14, 2012, includes Section 307, Prohibition on Personal Use of 
Electronic Devices on the Flight Deck. The FAA is proposing to amend 
part 121 to conform to this legislation. The proposed rule would 
prohibit flightcrew members in operations under part 121 from using a 
wireless communications device or laptop computer for personal use 
while at their duty station on the flight deck while the aircraft is 
being operated. This proposed rule is intended to ensure that certain 
non-essential activities do not contribute to the challenge of task 
management on the flight deck and do not contribute to a loss of 
situational awareness due to attention to non-essential activities. The 
FAA expects that this proposed rule reflects current sterile cockpit 
operating procedures and therefore does not impose more than a minimum 
cost on any regulated entity.
    The FAA has, therefore, determined that this proposed rule is not a 
``significant regulatory action'' as defined in section 3(f) of 
Executive Order 12866, and is not ``significant'' as defined in DOT's 
Regulatory Policies and Procedures.

B. Regulatory Flexibility Determination

    The Regulatory Flexibility Act of 1980 (Pub. L. 96-354) (RFA) 
establishes ``as a principle of regulatory issuance that agencies shall 
endeavor, consistent with the objectives of the rule and of applicable 
statutes, to fit regulatory and informational requirements to the scale 
of the businesses, organizations, and governmental jurisdictions 
subject to regulation. To achieve this principle, agencies are required 
to solicit and consider flexible regulatory proposals and to explain 
the rationale for their actions to assure that such proposals are given 
serious consideration.'' The RFA covers a wide-range of small entities, 
including small businesses, not-for-profit organizations, and small 
governmental jurisdictions. Agencies must perform a review to determine 
whether a rule will have a significant economic impact on a substantial 
number of small entities. If the agency determines that it will, the 
agency must prepare a regulatory flexibility analysis as described in 
the RFA. However, if an agency determines that a rule is not expected 
to have a significant economic impact on a substantial number of small 
entities, section 605(b) of the RFA provides that the head of the 
agency may so certify and a regulatory flexibility analysis is not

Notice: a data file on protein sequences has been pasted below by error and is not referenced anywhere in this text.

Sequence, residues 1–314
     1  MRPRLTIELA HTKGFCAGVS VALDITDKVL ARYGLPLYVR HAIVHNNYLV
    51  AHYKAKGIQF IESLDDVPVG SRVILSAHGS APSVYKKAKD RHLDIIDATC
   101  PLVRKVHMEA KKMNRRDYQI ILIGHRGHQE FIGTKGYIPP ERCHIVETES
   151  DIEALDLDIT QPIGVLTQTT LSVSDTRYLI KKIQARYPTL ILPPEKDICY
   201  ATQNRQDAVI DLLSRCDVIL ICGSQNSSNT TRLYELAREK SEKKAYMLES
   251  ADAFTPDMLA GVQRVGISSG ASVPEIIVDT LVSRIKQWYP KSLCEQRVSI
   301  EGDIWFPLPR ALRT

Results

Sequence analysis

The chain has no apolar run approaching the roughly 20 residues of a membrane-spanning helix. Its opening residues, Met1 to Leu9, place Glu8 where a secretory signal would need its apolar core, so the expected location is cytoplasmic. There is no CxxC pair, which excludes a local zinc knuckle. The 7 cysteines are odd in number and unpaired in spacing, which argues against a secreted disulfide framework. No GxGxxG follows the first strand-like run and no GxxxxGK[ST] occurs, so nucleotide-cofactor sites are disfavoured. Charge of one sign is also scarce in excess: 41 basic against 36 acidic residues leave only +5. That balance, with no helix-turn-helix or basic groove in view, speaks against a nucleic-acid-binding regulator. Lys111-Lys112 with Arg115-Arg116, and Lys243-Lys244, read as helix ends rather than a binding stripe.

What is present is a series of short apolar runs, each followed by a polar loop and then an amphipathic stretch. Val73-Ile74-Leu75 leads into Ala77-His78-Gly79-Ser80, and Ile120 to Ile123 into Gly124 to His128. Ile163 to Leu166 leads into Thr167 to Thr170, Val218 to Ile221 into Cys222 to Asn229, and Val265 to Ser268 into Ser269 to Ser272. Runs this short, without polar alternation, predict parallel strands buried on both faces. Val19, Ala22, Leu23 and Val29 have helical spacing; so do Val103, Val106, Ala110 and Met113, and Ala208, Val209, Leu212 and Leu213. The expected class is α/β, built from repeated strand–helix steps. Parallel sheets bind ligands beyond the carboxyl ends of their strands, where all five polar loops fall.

required. The certification must include a statement providing the 
factual basis for this determination, and the reasoning should be 
clear.
    The FAA Modernization and Reform Act of 2012 was enacted on 
February 14, 2012. Section 307 of the Act, Prohibition on Personal Use 
of Electronic Devices on the Flight Deck, the FAA is proposing to amend 
part 121 to conform to this legislation. The proposed rule would 
prohibit flightcrew members in operations under part 121 from using a 
wireless communications device or laptop computer for personal use 
while at their duty station on the flight deck while the aircraft is 
being operated. This rule is intended to ensure that certain non-
essential activities do not contribute to the challenge of task 
management on the flight deck and do not contribute to a loss of 
situational awareness due to attention to non-essential activities. 
While this proposed rule affects small entities, it merely revises 
existing FAA rules and does not impose any cost on any regulated 
entity.
    Therefore, the FAA certifies that this proposed rule would not have 
a significant economic impact on a substantial number of small 
entities. The FAA solicits comments regarding this determination.

C. International Trade Impact Assessment

    The Trade Agreements Act of 1979 (Pub. L. 96-39) prohibits Federal 
agencies from establishing any standards or engaging in related 
activities that create unnecessary obstacles to the foreign commerce of 
the United States. Legitimate domestic objectives, such as safety, are 
not considered unnecessary obstacles. The statute also requires 
consideration of international standards and, where appropriate, that 
they be the basis for U.S. standards. The FAA has assessed the 
potential effect of this proposed rule and has determined that it would 
have only a domestic impact and therefore no affect on international 
trade.

D. Unfunded Mandates Assessment

    Title II of the Unfunded Mandates Reform Act of 1995 (Pub. L. 104-
4) requires each Federal agency to prepare a written statement 
assessing the effects of any Federal mandate in a proposed or final 
agency rule that may result in an expenditure of $100 million or more 
(adjusted annually for inflation with the base year 1995) in any one 
year by State, local, and tribal governments, in the aggregate, or by 
the private sector; such a mandate is deemed to be a ``significant 
regulatory action.'' The FAA currently uses an inflation-adjusted value 
of $143.1 million in lieu of $100 million. This proposed rule does not 
contain such a mandate.

E. Paperwork Reduction Act

    The Paperwork Reduction Act of 1995 (44 U.S.C. 3507(d)) requires 
that the FAA consider the impact of paperwork and other information 
collection burdens imposed on the public. The FAA has determined that 
there would be no new requirement for information collection associated 
with this proposed rule.

[[Page 2916]]

F. International Compatibility